Feature request: subclassing FunctionType [Was: Some language proposals]

Michele Simionato michele.simionato at poste.it
Fri Feb 27 06:58:41 CET 2004


I have read with interest the recent thread about closures. The funny
thing is that the authors are arguing one against the other but I
actually agree with all of them and I have a proposal that may
be of some interest. To refresh your memory, I report here some 
quotation from that thread.

Jacek Generowicz:
 
> I sumbit to you that read-only closures are rare in Python because
> they are a recent addition to the language.
> 
> I submit to you that read-write closures are so much rarer still,
> because they require an ugly hack to work.

Paul Prescod:

> I disagree. Closures are rare in Python because Python is primarily an 
> OOP language.

Micheal Hudson:

> Using closures to fake objects sucks.

Jacek Generowicz:

> When I need "objects" I use objects, and when I need closures I want
> to be able to use closures.
> [...] I have some stateful methods of classes (which I create
> dynamically and stick onto the class as the information about the
> existence of the method becomes available). By implementing them as
> closures I can just stick them on to the class. If I were to implement
> them as instances then I'd have to reimplement all the descriptors
> that take care of turning functions into bound or unbound methods.
> 
> [At this point I'd love someone to step up and show me how to re-use
> the existing FunctionType descriptors in my own classes.]

> Another example. I make quite heavy use of a trivial memoizer. The
> closure verison is much shorter, clearer and faster. 

Paul Prescod:

> Before Python had nested scopes at all, it was VERY common to fake them 
> using a linguistic trick: default arguments. This idiom was very common 
> in Python's source base. Python didn't have a proper way to do the 
> nesting but people figured out how to do it anyway and did it a LOT. 
> (similarly people often emulate OO in C)

> The "wrap your mutables" feature is by comparison _much less intrusive_ 
> but I don't ever see it in real Python code. This suggests to me that 
> people don't need the feature that badly.

There is some merit on all those points of view. Speaking for myself,
I would certainly use more closures if they were better supported by 
the language. The fact that closures are read-only don't bothers me too 
much, since I also think that when you want write access to a closure 
you are really trying to fake an object, and you are better off using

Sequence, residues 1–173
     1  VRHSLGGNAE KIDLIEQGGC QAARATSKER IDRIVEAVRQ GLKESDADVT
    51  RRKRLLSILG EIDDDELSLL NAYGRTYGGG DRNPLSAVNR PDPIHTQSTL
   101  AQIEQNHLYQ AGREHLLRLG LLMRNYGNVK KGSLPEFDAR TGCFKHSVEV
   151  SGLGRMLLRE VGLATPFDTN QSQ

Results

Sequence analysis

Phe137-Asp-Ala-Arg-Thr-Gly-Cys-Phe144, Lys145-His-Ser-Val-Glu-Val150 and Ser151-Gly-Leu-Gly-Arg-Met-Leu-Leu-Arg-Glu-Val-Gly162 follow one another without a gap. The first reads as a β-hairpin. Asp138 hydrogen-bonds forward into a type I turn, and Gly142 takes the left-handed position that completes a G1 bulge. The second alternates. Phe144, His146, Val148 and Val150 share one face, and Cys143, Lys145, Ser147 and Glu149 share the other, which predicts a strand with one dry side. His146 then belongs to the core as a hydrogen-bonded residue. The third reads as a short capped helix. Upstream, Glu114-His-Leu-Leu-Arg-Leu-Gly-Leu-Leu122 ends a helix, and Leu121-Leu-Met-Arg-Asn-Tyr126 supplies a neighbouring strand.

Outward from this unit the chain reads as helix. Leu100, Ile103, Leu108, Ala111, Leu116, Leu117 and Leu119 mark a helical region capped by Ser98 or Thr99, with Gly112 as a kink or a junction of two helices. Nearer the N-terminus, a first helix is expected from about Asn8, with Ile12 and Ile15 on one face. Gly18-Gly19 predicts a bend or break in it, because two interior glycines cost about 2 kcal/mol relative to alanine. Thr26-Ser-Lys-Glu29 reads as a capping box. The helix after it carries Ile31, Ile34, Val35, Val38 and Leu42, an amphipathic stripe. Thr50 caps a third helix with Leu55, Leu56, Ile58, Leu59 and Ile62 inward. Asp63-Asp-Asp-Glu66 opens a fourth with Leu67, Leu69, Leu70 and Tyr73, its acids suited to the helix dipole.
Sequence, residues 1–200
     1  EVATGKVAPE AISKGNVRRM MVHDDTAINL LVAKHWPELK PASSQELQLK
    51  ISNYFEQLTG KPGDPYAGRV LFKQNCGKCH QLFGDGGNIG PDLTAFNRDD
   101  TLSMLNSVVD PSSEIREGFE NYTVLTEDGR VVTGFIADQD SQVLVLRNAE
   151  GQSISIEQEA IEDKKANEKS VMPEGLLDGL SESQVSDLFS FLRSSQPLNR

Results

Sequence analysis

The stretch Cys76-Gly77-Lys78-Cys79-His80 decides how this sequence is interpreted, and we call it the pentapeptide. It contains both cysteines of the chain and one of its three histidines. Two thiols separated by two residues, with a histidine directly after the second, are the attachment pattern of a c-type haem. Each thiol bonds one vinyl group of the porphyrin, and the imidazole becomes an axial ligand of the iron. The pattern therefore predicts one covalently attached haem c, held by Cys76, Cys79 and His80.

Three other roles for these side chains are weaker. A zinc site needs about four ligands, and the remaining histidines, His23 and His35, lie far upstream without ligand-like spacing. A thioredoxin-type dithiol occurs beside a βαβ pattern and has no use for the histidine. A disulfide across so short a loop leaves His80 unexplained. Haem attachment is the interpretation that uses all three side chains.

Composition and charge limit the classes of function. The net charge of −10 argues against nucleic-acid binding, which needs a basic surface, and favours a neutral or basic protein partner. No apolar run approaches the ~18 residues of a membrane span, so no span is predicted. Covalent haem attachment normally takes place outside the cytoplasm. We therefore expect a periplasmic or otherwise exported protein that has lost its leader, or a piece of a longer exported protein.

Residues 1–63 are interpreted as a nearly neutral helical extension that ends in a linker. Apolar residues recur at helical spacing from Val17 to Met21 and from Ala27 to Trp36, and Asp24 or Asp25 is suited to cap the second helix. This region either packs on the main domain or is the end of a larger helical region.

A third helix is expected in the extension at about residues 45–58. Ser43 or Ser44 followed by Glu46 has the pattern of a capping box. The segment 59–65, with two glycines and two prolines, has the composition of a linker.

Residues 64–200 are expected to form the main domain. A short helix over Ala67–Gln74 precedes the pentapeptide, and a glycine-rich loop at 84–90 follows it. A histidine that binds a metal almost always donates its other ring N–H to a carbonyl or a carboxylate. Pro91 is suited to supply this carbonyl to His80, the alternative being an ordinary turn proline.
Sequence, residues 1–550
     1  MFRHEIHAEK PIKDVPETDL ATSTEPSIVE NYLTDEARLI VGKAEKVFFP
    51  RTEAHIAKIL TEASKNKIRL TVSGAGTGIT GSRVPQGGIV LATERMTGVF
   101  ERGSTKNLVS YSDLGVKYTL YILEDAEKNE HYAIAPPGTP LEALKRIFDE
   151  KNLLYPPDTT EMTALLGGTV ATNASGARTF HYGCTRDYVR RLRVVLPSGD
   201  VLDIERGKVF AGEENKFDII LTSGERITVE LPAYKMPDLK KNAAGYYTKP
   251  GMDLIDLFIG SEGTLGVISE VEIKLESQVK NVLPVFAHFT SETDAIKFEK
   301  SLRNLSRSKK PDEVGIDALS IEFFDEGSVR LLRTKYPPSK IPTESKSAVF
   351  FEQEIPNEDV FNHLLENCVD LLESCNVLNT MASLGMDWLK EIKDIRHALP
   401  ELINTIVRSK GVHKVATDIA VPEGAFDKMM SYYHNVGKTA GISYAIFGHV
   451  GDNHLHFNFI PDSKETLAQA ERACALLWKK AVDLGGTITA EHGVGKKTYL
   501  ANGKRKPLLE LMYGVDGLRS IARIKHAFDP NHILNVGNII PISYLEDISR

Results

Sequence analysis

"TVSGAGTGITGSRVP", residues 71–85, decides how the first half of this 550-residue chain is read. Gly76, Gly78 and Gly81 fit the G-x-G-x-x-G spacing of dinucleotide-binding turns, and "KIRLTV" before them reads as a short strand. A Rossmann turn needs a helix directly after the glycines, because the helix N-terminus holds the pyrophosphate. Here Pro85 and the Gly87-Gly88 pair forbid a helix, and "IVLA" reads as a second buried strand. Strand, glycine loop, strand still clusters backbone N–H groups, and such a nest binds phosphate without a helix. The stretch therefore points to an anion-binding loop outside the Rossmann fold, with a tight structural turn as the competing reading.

a real object. On the other hand, I am really bothered by the scoping
rules. My first post on this mailing list some time ago was caused by
problems I had with the surprising scope rules. Take for instance
this example:

def make_adders(n):
    return [(lambda x: x+i) for i in range(n)]

add0,add1=make_adders(2)

print add0(0) #=> 1
print add1(0) #=> 1

This does not work as expected, and the solution is an ugly hack
with default arguments:

def make_adders(n):
    return [(lambda x,i=i: x+i) for i in range(n)]

add0,add1=make_adders(2)

print add0(0) #=> 0
print add1(0) #=> 1

I don't like that, but I don't think that the current scope rules
will change any soon. Alternatively, I can use a class:

class adder(object):
    def __init__(self,i):
        self.i=i
    def __call__(self,x):
        return x+self.i

def make_adders(n):
    return [adder(i) for i in range(n)]

add0,add1=make_adders(2)

print add0(0) #=> 0
print add1(0) #=> 1

However, this is not really a solution, since as Jacek pointed
out, to really fake a function I need to reimplement the
descriptor protocol and I cannot get it from FunctionType. 
I have experience with the examples he cites, memoizing 
functions and wrapping methods, and they are exactly the 
examples where I have used closures instead of callable objects.
OTOH, Paul Prescod is right and Python is primarily an 
OOP language, so I would prefer to use real objects over
closures.

What I think would help is the ability to subclass FunctionType.
I remember a thread of some time ago where Tim Peters said
that it is quite doable, simply nobody bothered to implement 
it yet.

At the moment, I can fake the built-in FunctionType with something like
that:

class function(object):
    def __init__(self,func):
        self.__func__=func
    def __call__(self,*args,**kw):
        return self.__func__(*args,**kw)
    def __get__(self,obj,cls=None):
        return self.__func__.__get__(obj,cls)

Then I can subclass "function" to implement any kind of wrapped functions.
For instance, to trace functions:

class traced_function(function):
    def __init__(self,func):
        def traced_func(*args,**kw): # using an handy closure ...
            print "Calling %s with arguments %s %s ..." % (func.__name__,args,kw)
            result=func(*args,**kw)
            print "Called %s with result %s" % (func.__name__,result)
            return result
        self.__func__=traced_func

Since "function" implements the descriptor protocol, I can wrap methods
for free:

class C(object):
    add1=traced_function(lambda self,x: x+1)

C().add1(1)

My previous example with the adder would read

class adder(function):
    def __init__(self,i):
        self.__func__=lambda x: x+i

I think this reads quite well. At the present, however, I cannot subclass
FunctionType and I am a bit disturbed by that, also because I can subclass 
the other built-ins types and there no reason why functions must be so
special: at they end they are just callable objects with a descriptor
protocol. So, I submit it as a feature request for Python 2.4.
Maybe, if enough people wants the feature, we may get it! 

        Michele Simionato



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